Radical Conversions: Creating Woodshops in Surprising Spaces
When we put together the back cover and the shop gallery for the Tools & Shops issue this year (FWW 244), both of them featuring shops in spaces converted from other uses, we wound up with an unconscionable number of great photos on the cutting room floor. We decided to put those shots into this audio slide show to offer a fuller look into the shops presented in the magazine.
Running the gamut from 500 square feet to 65,000, and from an 1835 woolen mill on a stream in Connecticut to a 1950s egg-sorting shed on a chicken ranch in Northern California, the shops illustrate the vast diversity of spaces that, with some vision and renovation, will work just fine as a woodshop.
We’ve also included additional images of the furnituremakers and their work in the slideshow, along with narration describing the places and their proprietors. We hope you enjoy it.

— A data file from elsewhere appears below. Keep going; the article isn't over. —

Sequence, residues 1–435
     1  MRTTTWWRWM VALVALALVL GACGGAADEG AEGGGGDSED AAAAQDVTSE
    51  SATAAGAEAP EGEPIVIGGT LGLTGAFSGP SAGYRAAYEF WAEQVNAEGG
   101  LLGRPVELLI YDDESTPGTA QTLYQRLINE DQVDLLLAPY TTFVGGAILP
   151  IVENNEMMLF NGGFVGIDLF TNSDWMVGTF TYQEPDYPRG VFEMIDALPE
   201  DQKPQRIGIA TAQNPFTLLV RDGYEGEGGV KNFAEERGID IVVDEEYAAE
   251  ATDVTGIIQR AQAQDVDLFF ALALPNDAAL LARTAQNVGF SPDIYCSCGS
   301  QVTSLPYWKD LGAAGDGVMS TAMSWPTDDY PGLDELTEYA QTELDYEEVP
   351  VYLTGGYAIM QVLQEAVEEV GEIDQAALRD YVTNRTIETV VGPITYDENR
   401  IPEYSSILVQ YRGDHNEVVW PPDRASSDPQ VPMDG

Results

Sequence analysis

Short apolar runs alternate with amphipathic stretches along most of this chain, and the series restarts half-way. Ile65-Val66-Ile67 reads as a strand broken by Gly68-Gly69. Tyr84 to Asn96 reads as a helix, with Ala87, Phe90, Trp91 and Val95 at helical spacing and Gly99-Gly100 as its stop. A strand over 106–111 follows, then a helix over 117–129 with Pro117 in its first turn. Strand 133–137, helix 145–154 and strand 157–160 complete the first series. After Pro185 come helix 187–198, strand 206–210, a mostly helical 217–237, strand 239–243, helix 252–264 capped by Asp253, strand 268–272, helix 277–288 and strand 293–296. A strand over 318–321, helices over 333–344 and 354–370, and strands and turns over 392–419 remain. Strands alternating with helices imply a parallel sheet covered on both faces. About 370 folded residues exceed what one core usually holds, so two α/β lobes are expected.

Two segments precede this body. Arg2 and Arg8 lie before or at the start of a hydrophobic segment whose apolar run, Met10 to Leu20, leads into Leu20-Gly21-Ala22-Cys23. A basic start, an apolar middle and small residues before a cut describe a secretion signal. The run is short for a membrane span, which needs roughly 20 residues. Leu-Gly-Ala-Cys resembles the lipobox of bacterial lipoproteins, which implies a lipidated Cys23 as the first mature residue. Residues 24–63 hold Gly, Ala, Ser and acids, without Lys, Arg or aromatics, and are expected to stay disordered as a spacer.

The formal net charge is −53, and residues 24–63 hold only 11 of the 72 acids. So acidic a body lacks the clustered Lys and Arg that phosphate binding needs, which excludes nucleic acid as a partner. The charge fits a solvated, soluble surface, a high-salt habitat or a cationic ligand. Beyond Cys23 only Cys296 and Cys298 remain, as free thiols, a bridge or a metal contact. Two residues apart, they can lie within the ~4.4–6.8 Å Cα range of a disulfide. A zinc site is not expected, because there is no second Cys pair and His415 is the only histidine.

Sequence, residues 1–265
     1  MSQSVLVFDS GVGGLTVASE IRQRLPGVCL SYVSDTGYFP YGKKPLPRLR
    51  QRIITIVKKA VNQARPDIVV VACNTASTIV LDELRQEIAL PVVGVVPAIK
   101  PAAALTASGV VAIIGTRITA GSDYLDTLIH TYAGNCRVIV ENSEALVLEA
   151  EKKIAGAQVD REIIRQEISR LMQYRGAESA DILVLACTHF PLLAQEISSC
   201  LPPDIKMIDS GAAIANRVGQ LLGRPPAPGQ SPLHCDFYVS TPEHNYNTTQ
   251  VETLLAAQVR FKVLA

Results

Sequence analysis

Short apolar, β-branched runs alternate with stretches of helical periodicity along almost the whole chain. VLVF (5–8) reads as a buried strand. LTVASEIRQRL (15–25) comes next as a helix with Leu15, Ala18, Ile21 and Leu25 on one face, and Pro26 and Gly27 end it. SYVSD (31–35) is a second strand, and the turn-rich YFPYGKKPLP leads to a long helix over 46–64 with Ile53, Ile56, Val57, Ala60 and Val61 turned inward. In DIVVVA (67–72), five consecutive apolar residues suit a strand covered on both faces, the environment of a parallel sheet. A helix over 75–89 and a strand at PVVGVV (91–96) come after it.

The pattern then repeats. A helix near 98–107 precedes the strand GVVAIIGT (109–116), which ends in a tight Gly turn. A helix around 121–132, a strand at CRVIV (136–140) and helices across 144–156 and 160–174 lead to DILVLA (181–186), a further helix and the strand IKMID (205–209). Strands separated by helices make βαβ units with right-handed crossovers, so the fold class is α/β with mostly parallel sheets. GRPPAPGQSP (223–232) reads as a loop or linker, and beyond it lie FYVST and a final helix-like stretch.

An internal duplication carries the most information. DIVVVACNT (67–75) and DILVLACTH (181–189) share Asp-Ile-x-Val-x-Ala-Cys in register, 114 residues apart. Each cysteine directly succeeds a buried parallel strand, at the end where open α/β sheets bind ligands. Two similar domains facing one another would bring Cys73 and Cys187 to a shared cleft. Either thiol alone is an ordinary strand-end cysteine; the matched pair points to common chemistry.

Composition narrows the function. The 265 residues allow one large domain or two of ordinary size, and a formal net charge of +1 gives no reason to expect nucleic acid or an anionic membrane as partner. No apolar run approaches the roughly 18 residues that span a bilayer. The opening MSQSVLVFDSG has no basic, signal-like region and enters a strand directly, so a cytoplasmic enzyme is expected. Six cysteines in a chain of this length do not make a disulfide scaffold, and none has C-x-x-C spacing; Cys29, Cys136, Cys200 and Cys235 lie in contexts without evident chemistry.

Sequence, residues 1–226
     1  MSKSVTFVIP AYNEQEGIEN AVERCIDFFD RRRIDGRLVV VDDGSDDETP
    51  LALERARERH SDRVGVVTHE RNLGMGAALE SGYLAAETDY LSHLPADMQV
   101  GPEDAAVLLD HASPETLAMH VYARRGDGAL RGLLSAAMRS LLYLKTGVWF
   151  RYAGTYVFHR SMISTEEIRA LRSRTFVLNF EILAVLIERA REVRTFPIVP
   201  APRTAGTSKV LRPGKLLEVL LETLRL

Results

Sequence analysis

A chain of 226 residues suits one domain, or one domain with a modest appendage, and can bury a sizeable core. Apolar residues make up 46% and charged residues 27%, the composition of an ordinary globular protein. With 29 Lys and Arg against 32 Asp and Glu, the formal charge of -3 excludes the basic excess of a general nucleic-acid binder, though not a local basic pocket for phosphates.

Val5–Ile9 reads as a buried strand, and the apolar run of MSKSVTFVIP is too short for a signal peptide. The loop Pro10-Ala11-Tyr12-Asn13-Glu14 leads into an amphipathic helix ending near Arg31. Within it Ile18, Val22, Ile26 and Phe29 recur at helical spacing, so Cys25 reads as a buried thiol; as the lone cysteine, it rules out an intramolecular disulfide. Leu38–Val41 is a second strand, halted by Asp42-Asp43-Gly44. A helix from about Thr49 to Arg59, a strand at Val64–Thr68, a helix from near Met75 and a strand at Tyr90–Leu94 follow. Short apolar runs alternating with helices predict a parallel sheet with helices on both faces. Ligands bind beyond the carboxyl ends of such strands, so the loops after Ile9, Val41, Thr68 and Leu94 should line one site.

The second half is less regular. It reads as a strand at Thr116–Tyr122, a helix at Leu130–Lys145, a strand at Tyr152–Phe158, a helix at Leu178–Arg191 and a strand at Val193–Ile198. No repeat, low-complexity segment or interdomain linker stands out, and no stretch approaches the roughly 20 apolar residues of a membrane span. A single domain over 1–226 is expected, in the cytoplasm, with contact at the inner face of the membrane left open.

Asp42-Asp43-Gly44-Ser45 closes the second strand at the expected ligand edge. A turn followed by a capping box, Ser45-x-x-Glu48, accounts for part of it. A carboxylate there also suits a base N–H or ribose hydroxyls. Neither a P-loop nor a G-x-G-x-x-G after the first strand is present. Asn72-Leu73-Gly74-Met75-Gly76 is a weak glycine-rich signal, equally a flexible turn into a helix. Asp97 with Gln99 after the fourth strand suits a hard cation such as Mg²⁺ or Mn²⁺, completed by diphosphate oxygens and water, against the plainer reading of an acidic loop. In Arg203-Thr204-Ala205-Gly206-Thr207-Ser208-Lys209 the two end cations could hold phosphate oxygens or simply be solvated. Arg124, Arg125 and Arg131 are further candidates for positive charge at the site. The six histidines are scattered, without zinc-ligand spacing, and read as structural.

When Johnny A. Williams decided to ditch his marketing job in Manhattan and pursue woodworking as a profession, he found an ideal shop space right behind his motehrs' house on an old apple orchard and poultry farm in Newtown, CT.
Jeff Johnson, a furniture maker and sculptor in Poughkeepsie New York, came upon a 1909 fire station, knocked on the door and asked if he could rent the vacant third floor. The owner wasn't looking for a renter however, but a buyer. Johnson ended up purchasing the building, and renovating the thrid floor for his home and shop. His brother, a glass artist, also lives and works on the other two floors.
"I always wanted to live and work in the same place," Andy Pekol says. For the last 35 years he's done just that in this 1835 mill built by a wool merchant on the Pomperaug River in Woodbury, CT.